Perfect Competition Vs. Pure CompetitionFitness Gear & Equipment
Perfect Competition vs. Pure Competition
Recently, economists have started distinguishing between perfect competition and pure competition. For pure competition all the above-mentioned conditions of perfect competition need not be satisfied; it is enough if the first two conditions are fulfilled, i.e., there is a large number of buyers and sellers in the market and all producers produce an identical or homogeneous product. The significance or implication of these two conditions taken together is, as explained earlier, that since each individual producer produces only an insignificant proportion of the total market supply of the commodity in question and since the product produced by all producers is identical, no individual producer is in a position to influence the market price of that commodity by his own individual action.
In other words, the AR (average revenue) curve of a producer under pure competition is horizontal straight line parallel to the axis of X. As against this, the essence of monopoly consists in the ability of the monopolist to influence the price of his own commodity (talking in terms of curves, the AR curve of a monopolist always slopes downwards to the right). Thus, we find that the chief characteristic or feature of the pure competition is the absence of monopoly element.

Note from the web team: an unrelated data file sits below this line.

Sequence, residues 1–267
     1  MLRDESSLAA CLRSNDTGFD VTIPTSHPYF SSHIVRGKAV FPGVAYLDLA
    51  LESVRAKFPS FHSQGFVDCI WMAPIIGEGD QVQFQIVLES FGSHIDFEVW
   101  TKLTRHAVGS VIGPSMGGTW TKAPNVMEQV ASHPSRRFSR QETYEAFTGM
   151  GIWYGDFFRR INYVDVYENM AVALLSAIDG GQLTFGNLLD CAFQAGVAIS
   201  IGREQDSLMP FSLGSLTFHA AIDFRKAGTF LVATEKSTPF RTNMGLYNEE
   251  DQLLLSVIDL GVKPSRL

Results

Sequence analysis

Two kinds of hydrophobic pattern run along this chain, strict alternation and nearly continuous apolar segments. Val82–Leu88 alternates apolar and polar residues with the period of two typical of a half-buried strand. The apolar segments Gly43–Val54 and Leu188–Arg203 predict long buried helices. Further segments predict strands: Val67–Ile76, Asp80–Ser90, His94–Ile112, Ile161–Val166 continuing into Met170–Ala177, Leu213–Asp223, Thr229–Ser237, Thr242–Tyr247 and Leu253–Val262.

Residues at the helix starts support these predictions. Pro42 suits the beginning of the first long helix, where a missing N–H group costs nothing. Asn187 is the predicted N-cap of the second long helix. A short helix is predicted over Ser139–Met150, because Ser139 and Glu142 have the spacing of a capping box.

Perfect competition, on the other hand, is a wider concept and requires the fulfillment of several additional conditions (as explained above). The mere absence of monopoly element is not enough for perfect competition, whereas that is sufficient for pure competition. Thus, perfect competition is more restrictive than pure competition, so that while we do come across some cases of pure competition in real life, perfect competition is utterly unrealistic.
Examples of pure competition are to be found in the case of farm products like wheat, cotton, rice, etc. In their case, there is a large number of producers, each producing an insignificant proportion of the total market supply, and besides there is nothing much to choose between the wheat produced by farmer A and the wheat produced by* farmer B. In all these cases, the first two conditions of perfect competition which suffice for pure competition are satisfied, but we cannot indeed think of a commodity which has no cost of transport or the factors of production engaged in whose production may be, perfectly mobile or in the case of which there may be perfect knowledge among its buyers and sellers.
The main difference between pure competition and perfect competition is that in pure competition there is no element of monopoly enabling a producer to charge more. If the two conditions of pure competition are fulfilled, there can be no question of monopolistic control. In perfect competition, apart from absence of monopoly, some other conditions are also essential, e.g., free entry and exit, absence of transport cost, perfect knowledge, etc.